different between commute vs commutive




  • IPA(key): /k??mju?t/
  • Rhymes: -u?t

Etymology 1

Borrowed from Latin comm?t?.


commute (third-person singular simple present commutes, present participle commuting, simple past and past participle commuted)

  1. To exchange substantially; to abate but not abolish completely, a penalty, obligation, or payment in return for a great, single thing or an aggregate; to cash in; to lessen
    1. (transitive, finance, law) To pay, or arrange to pay, in advance, in a lump sum instead of part by part.
    2. (transitive, law, criminology) To reduce the sentence previously given for a criminal offense.
    3. (transitive, insurance, pensions) To pay out the lumpsum present value of an annuity, instead of paying in instalments; to cash in; to encash
    4. (intransitive, obsolete) To obtain or bargain for exemption or substitution;
      • 1660, Jeremy Taylor, Ductor Dubitantium, or the Rule of Conscience
        He [] thinks it unlawful to commute, and that he is bound to pay his vow in kind.
  2. (intransitive, mathematics) Of an operation, to be commutative, i.e. to have the property that changing the order of the operands does not change the result.
Derived terms
  • commutative
  • commutation

Etymology 2

From commutation ticket, a pass on a railroad, streetcar line, etc. that permitted multiple rides over a period of time, eg, a month, for a single, commuted payment.


commute (plural commutes)

  1. A regular journey to or from a place of employment, such as work or school.
  2. The route, time or distance of that journey.


commute (third-person singular simple present commutes, present participle commuting, simple past and past participle commuted)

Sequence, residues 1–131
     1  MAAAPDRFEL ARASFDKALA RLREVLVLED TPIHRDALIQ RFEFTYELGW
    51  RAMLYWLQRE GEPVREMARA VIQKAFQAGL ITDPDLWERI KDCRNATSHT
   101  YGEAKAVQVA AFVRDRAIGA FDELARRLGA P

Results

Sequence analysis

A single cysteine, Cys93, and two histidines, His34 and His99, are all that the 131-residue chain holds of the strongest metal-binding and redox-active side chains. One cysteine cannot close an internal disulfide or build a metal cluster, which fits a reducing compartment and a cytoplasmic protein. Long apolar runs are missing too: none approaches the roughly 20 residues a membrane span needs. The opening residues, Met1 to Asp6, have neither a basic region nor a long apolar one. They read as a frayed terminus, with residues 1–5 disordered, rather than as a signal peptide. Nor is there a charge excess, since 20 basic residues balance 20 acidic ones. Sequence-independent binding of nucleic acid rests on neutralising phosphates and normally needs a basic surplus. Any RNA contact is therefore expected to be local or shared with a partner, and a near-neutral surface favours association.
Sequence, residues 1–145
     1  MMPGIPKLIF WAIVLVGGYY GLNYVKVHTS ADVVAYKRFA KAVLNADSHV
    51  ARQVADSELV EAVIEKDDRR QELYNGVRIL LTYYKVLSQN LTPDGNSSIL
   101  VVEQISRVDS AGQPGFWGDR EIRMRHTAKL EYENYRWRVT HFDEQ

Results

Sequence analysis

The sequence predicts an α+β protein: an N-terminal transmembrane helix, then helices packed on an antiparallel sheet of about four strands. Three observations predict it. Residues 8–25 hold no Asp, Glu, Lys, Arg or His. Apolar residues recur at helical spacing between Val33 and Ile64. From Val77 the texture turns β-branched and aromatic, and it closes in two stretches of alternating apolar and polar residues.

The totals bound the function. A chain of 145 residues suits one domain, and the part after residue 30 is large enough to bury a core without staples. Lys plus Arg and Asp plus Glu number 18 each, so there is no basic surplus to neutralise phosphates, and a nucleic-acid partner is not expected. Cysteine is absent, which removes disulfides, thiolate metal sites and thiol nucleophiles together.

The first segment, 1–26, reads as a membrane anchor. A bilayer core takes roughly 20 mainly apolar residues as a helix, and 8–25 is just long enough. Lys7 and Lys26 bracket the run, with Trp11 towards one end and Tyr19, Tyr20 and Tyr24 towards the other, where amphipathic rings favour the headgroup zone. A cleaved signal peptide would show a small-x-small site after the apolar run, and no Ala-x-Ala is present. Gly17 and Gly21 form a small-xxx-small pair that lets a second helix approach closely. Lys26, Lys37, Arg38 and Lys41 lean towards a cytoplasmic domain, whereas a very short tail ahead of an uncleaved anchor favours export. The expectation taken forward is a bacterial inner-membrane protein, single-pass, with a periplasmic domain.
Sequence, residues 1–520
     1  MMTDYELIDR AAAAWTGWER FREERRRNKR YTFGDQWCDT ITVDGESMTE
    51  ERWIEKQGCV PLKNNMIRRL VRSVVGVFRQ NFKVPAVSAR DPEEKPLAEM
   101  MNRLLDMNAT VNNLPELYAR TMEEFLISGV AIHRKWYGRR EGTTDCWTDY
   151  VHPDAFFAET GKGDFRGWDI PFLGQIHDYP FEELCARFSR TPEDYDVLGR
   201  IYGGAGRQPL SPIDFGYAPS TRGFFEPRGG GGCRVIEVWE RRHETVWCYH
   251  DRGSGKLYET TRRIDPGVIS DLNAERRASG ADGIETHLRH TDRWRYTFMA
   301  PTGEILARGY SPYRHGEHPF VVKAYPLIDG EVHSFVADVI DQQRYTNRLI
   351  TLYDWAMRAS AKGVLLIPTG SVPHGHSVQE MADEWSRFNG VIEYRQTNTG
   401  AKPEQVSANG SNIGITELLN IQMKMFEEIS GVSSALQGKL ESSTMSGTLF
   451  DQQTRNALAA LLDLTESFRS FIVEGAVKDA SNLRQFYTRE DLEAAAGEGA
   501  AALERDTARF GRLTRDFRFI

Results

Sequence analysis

1. (intransitive) To regularly travel from one's home to one's workplace or school, or vice versa.
  2. (intransitive) To journey, to make a journey
    • 2015, Elizabeth Royte, Vultures Are Revolting. Here’s Why We Need to Save Them., National Geographic (December 2015)[1]:
      By one estimate, vultures either residing in or commuting into the Serengeti ecosystem during the annual migration—when 1.3 million white-bearded wildebeests shuffle between Kenya and Tanzania—historically consumed more meat than all mammalian carnivores in the Serengeti combined.


  • Douglas Harper (2001–2021) , “commute”, in Online Etymology Dictionary



  • Homophones: commutent, commutes



  1. first-person singular present indicative of commuter
  2. third-person singular present indicative of commuter
  3. first-person singular present subjunctive of commuter
  4. third-person singular present subjunctive of commuter
  5. second-person singular imperative of commuter

commute From the web:

  • what commute means
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  • what commute sentence means
  • what committee is aoc on
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commute +? -ive


commutive (comparative more commutive, superlative most commutive)

  1. (linguistics) That serves to commute

Related terms

  • commutivity

commutive From the web:

  • what commutative property
  • what commutative property of multiplication
  • what's commutative and associative property
  • what commutative property means
  • what commutative justice
  • what does commutative mean
  • commutative law
  • what does commutative

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